Federal Reserve holds hearing on mortgage lending

August 5, 2010 7:49:21 PM PDT
In San Francisco on Thursday, a public policy group warned of what could be a large new wave of foreclosures and said Latino homeowners are especially at risk. The executive director of The Greenlining Institute is urging the Federal Reserve to release data on just how many homes are underwater, but there's a problem with that.

New federal law is requiring banks to be more transparent. Now the Federal Reserve is trying to do the same about their lending practices.

The Federal Reserve is listening to consumer groups as it begins to revise data reporting regulations.

Consumer groups pointed out there is no data being collected about loan modifications.

"The outcomes for people who are trying in good faith to stay in their homes... they're often poor outcomes, and people are losing their homes, and there's really no information that we have about that, and it's all happening behind the public's view," says Kevin Stein from the California Reinvestment Coalition.

Eva Calzado, a Vallejo homeowner, is in foreclosure. She thinks she was a victim of predatory lending because she did not understand the documents.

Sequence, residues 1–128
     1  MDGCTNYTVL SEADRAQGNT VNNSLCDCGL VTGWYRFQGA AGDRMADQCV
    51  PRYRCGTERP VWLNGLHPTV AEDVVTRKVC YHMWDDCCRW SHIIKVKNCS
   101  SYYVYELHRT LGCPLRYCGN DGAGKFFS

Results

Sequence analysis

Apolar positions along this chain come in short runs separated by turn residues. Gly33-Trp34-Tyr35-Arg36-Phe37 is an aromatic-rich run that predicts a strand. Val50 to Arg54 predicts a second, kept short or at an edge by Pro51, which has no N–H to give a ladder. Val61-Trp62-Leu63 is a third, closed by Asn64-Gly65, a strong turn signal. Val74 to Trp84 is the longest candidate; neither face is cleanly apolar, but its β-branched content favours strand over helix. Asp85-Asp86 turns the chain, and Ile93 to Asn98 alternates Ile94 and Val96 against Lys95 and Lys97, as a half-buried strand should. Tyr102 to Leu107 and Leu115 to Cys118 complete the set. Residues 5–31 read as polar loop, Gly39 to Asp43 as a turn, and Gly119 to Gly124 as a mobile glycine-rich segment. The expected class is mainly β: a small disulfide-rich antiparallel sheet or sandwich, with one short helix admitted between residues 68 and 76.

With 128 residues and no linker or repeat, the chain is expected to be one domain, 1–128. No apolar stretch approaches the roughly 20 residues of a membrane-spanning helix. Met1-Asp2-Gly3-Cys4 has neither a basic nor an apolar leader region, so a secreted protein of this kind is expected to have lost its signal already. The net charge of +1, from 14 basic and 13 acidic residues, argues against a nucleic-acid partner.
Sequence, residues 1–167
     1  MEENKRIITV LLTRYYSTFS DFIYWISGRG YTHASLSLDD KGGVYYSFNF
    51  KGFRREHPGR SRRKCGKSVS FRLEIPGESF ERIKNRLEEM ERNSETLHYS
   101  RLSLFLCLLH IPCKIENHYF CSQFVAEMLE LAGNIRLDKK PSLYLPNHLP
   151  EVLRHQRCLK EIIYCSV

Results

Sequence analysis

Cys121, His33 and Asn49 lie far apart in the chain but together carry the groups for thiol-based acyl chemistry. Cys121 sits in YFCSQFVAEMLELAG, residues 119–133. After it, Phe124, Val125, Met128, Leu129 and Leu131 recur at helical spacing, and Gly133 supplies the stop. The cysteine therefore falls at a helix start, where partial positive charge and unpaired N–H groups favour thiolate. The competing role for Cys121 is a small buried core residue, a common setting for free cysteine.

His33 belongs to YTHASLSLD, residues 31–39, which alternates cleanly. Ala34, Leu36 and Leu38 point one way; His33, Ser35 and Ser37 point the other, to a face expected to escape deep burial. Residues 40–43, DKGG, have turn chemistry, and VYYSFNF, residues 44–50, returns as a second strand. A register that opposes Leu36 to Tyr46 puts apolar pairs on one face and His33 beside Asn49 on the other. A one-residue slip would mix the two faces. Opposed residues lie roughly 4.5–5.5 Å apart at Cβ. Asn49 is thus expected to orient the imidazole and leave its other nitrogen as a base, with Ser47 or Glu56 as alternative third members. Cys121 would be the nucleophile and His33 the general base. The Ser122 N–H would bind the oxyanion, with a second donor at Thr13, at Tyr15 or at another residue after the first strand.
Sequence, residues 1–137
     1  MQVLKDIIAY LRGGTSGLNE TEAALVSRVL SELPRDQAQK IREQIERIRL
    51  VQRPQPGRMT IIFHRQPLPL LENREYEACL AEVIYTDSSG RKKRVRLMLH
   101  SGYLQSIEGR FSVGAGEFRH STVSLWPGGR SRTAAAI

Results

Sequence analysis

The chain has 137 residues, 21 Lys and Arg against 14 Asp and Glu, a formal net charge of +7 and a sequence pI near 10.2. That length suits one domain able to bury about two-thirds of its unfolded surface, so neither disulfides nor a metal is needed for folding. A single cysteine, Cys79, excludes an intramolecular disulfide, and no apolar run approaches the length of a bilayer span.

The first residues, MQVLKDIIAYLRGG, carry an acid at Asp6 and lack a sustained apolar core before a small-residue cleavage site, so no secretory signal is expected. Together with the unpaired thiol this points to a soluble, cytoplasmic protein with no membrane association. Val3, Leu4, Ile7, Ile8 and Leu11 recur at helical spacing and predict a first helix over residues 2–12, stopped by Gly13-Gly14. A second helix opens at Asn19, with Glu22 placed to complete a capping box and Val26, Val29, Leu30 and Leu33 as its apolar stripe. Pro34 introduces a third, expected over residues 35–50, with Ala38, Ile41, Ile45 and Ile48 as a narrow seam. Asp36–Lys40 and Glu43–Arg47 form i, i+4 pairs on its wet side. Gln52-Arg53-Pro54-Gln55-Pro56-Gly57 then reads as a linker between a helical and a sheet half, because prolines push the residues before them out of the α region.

"I talked to my broker in my language, which is Tagalog. That's my language and the language I am most comfortable with, but all of my loan contracts were in English," says Calzado.

Major lenders, including Chase and Wells Fargo, testified as well. While embracing more transparency, Wells Fargo attorney David Moskowitz raised privacy concerns.

"It will be very easy to identify you as an individual person, your credit score, the amount of equity you have in your home, where you live. All that information will be very simple to figure out if it is transmitted from the lender to the database to the public," said Moskowitz.

Kathy Chao Rothberg heads Lao Community Development, an agency in Oakland that counsels homeowners facing potential foreclosure. She says lenders often won't explain why they're saying no to a loan modification.

"They have a right to know why they were denied. We have cases where they were denied, and they wouldn't tell us a straight answer," says Chao Rothberg.

While there seems to be consensus that there needs to be change, there are still two more public hearings and then it may take the Federal Reserve one and possibly two years to implement them.


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